While winter, so far, has been relatively mild, it’s worth a look back about 82 years to a time in North Dakota when the snow and cold of winter was far, far from mild.
In fact, on February 15, 1936, the record low temperature for the state was set at -60 degrees in Parshall.
Minot recorded -49 degrees.
Couple that with a lot of snow and you have some bone-chilling, arm-aching conditions working outside.
At the time, a Dr. Wallace Joos took his film camera outside to document the recordbreaking conditions and highway crews working to open state roadways.
Joos edited the film and, decades later, the film was converted to VHS and then to DVD and, ultimately, uploaded to YouTube.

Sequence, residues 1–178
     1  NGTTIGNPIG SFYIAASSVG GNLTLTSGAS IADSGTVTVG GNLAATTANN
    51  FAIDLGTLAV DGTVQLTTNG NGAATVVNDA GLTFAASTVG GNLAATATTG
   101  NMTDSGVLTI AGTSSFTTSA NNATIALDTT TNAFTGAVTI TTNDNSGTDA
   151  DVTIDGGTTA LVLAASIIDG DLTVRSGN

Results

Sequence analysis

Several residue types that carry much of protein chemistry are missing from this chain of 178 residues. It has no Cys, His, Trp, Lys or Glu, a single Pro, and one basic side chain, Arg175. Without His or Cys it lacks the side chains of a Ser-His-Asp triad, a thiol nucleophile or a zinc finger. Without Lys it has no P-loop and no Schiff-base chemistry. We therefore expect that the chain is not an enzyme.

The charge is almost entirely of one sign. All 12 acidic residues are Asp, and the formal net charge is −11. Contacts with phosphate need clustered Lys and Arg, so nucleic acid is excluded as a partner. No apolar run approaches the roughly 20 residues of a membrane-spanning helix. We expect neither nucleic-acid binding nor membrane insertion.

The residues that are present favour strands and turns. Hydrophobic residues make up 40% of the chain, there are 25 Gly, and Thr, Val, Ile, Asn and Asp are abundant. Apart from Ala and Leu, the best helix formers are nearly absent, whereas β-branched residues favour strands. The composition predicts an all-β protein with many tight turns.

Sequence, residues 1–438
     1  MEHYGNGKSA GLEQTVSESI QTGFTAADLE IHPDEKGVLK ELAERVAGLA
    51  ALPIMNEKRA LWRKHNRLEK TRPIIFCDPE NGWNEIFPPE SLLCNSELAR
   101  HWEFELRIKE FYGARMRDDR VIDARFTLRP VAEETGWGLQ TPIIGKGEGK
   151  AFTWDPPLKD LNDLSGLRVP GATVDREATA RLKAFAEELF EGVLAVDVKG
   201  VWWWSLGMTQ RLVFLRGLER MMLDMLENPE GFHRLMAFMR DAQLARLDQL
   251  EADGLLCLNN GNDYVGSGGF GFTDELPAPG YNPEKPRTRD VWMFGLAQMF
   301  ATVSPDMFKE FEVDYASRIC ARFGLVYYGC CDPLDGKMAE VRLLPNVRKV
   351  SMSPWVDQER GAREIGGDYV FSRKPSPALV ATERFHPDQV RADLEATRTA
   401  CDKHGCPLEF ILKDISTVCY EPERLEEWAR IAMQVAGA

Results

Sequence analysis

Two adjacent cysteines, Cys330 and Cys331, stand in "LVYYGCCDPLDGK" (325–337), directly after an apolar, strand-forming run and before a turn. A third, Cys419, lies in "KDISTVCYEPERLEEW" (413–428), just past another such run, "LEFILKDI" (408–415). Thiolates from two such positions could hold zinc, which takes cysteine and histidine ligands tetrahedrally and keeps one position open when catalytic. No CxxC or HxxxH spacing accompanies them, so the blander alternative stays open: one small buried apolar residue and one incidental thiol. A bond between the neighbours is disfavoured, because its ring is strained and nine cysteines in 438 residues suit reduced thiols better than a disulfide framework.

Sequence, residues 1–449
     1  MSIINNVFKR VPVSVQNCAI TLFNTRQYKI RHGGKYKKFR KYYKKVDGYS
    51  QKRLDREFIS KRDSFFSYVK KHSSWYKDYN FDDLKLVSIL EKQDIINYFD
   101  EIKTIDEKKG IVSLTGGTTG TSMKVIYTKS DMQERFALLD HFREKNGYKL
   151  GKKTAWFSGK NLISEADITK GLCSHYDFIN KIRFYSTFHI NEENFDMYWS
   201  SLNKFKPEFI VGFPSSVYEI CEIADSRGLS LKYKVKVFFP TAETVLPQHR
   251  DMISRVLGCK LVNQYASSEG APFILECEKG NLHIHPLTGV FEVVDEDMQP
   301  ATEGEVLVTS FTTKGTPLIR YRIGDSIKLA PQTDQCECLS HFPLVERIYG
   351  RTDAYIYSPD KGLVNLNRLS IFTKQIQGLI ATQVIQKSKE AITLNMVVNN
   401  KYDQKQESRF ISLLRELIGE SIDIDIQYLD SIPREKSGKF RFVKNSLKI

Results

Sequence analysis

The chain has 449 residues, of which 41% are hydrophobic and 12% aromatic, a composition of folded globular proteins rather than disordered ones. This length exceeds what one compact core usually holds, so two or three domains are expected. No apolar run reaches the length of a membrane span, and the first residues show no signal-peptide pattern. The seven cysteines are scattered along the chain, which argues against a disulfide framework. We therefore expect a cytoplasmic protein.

The film shows a snowplow as it relentlessly rams six to eight foot high snow banks covering the roads as spectators watch and play.
One interesting scene shows a young man on skis holding a rope tied to the back of a car being pulled along the snow along the side of the road.
The film runs just under four minutes and serves as a reminder of what could come — so don’t take today’s mild conditions for granted.
Ironically, the state would also set its record high temperature in 1936. On July 6, it reached 121 degrees in Steele.
You can watch the entire YouTube winter video here and below: